"When you look at the commitment to real paleontology and science, it's at this institution," says Schulson.
Fair Park's two museums are two different places, with two different missions, explains David Corrigan, the Museum of Natural History's board president. "We are collections-based and we try to use our collections to educate. They are more fun, more 'edutainment.'"
Schulson and Corrigan agree there's room for both to prosper--as soon as the Museum of Natural History figures out exactly what it wants to be. To help answer that question, the board commissioned a study several years ago by the McKenzie & Co. consulting firm. The study investigated, among other things, the feasibility of the museum and Science Place merging, and concluded it wasn't feasible. The study also targeted archeology and paleontology as the two fields the public is most interested in, which is why the museum recently added an archeologist to its staff.
The consulting company has agreed to do another analysis of the star attractions the board is considering implementing. Schulson had hoped the board was going to nail down some concrete ideas at a planning session in early December, but the session was more vague than he had anticipated.
"What we are doing now is long-range planning," Schulson says. "We need to develop a compelling story, a must-see exhibit that makes you say, 'Wow, if you go to the Science Place you have to go here, too.'"
Since what is now Dallas was at the bottom of an ocean during the time of the great dinosaurs, it offers one of the richest paleontological resources of any metro area in the country, something on which the museum hopes to capitalize. One of the possible star attractions the board is considering is something dubbed Jurassic Seas, a sort of aquarium exhibit with robotic mosasaurs swimming through its waters. (Of course, Dallas was under water during the Cretaceous period and high and dry during the Jurassic. What's a few million years when you're trying to market a star attraction?) The board is also considering including an aquarium filled with the modern descendants of the prehistoric sea creatures.
"We need to talk more about evolution, it's fundamental role to natural history, and how different species evolved over time," Schulson says.
Former staffers like Finsely think the robotic prehistoric fish idea smacks of Disneyland--long on imagination, short on scientific fact. When it comes to identifying prehistoric species' living descendants, he says it sounds good, but can't be done. "It's an extremely difficult matter to name the lineage of something like a mosasaur or pleiosaur with animals in an aquarium," says Finsley. "It would entail a fairly extended piece of hearsay."
Finsley believes the museum is desperately trying to glom onto the latest hot civic attraction, aquariums. The museum, in fact, agreed to undertake a feasibility study--funds for which were approved in the 1985 bond election--for a new Fair Park aquarium.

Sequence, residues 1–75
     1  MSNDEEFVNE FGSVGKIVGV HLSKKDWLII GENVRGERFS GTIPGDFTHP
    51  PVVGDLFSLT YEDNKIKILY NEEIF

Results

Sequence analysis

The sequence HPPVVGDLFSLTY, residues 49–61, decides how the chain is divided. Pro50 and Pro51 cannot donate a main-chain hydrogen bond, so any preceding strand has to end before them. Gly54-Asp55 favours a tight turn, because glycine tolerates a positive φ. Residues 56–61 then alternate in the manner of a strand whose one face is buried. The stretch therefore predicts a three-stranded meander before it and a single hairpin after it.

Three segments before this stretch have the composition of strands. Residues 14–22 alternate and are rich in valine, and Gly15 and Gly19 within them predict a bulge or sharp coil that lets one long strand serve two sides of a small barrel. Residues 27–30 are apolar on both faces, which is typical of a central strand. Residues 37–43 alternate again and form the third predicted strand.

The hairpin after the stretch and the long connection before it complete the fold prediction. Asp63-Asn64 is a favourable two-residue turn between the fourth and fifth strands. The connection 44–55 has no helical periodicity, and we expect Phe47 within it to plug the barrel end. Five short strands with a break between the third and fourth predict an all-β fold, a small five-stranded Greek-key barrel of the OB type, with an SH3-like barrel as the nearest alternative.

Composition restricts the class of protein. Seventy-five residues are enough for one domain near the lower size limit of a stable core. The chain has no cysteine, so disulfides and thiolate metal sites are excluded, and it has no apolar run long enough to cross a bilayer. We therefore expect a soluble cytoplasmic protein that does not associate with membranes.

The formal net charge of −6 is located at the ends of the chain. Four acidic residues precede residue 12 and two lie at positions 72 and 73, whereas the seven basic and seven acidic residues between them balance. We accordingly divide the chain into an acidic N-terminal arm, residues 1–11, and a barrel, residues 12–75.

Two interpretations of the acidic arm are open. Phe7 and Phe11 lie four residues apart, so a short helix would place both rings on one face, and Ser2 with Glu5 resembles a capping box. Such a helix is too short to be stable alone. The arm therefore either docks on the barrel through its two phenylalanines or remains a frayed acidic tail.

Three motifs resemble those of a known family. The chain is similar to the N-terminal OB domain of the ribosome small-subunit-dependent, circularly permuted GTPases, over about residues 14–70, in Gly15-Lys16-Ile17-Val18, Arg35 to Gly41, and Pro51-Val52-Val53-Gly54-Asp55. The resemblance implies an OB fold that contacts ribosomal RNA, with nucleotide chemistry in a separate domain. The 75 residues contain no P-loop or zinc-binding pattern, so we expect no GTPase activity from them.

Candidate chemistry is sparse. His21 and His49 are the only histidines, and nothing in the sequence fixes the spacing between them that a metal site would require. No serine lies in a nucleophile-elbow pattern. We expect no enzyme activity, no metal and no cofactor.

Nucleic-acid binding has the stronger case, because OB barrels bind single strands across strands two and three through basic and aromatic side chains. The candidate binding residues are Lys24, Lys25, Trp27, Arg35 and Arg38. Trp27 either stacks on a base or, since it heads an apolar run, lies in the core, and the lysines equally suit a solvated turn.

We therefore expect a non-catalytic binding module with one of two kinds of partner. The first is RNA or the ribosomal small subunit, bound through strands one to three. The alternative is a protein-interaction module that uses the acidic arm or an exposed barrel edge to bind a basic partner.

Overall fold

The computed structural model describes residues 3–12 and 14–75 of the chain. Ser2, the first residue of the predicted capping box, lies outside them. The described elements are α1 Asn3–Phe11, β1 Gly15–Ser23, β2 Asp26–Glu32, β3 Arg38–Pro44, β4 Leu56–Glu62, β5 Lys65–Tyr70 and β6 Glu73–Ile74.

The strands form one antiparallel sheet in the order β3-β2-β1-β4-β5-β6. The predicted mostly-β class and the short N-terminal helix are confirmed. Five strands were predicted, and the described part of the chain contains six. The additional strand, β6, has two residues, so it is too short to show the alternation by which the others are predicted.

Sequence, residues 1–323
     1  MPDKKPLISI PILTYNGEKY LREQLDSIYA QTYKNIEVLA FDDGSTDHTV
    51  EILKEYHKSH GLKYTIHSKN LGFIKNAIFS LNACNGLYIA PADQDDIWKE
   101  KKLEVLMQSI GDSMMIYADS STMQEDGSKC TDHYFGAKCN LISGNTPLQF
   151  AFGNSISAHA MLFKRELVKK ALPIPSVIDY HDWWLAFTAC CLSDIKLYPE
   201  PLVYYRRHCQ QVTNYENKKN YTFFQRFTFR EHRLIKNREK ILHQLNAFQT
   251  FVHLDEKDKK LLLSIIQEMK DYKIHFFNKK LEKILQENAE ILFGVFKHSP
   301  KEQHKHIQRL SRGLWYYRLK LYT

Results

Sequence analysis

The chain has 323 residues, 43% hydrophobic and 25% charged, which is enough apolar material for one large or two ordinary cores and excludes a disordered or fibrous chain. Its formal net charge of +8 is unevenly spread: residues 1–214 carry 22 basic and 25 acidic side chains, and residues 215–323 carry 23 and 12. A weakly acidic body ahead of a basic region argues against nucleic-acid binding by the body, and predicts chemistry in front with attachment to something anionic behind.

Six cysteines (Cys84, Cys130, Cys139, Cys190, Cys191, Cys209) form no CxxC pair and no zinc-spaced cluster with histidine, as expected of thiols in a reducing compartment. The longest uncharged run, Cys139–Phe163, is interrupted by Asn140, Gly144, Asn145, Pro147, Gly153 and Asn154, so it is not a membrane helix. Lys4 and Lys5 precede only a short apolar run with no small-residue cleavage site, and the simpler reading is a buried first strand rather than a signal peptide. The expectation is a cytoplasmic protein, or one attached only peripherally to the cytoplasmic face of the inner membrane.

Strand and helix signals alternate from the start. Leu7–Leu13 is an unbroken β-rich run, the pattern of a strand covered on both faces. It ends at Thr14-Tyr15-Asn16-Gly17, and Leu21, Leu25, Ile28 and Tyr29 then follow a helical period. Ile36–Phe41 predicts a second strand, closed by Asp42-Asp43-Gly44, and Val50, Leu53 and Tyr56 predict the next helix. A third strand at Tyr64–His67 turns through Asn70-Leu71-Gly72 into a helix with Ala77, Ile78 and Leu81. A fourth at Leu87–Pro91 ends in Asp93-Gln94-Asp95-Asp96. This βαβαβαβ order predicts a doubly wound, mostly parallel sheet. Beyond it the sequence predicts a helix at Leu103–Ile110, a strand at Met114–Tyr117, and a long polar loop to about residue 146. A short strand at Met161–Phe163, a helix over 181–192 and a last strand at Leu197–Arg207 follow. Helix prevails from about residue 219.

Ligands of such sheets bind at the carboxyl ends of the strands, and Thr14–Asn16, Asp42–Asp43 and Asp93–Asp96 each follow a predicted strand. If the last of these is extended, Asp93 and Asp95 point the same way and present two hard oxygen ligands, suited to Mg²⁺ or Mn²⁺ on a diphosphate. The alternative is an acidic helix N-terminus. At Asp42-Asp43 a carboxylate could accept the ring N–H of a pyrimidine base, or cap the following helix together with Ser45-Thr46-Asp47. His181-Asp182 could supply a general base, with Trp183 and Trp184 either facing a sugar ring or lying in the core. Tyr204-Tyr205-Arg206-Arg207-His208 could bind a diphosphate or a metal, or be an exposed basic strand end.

Other ideas for a star attraction include a full-sized replica of a Tyrannosaurus Rex, artificial underground caverns (something Finsley says he recommended years ago), a children's natural history museum, and a butterfly garden. Schulson is also trying to beef up the NorthPark mall site and has conducted preliminary meetings about getting a bigger space to launch a gem collection. As Schulson sees it, the malls are Dallas' version of community centers, neighborhood gathering places. If he can't get people to come to the museum in Fair Park, it'll go to them.
But so far, the only definitive plan the museum has is to update and reorganize the four diorama halls on the first floor, which, although outdated, still display the most comprehensive view of Texas natural history in the state. The plans sound exciting, but only a quarter of the money has been raised. The dioramas will be more dramatic and engaging; the buffalo tableau, for instance, will include a viewing area made to look like a campsite, a clap of thunder will cause a stampede, and the floor will shake. Schulson also hopes to create a diorama of extinct and endangered Texas species and wet and dry walk-in caves.
"We want to be a regional museum with a global perspective," Schulson says. The museum's newfound emphasis on research, he believes, is another way to achieve that.
"The Dallas Museum of Natural History is ready to spring to the next level," says Dr. Louis Jacobs, a paleontologist at Southern Methodist University and author of the just-published book, Lone Star Dinosaurs. Jacobs sees the museum's recent commitment to serious research--with the hiring of a new paleontologist and archeologist--as the way to make that leap.
"As I understand it, the museum wants to put behind the exhibits deeper, more specialized expertise in research," Jacobs says. "They want to create new knowledge, not just display what's known. If you want to be more visible and cutting edge, you've got to do it."
Such talk makes former staffers such as Finsley and Fullington bristle. Fullington claims he was doing serious research. As for Finsley, he never saw esoteric research as his role. "It seems to me that the time devoted to doing research on the left toe of the gecko in Australia would be better spent by the staff building our collections," he says, sitting in his bare basement office on his last official day at the museum in mid-November. "I would have liked to do more research, but there was no time."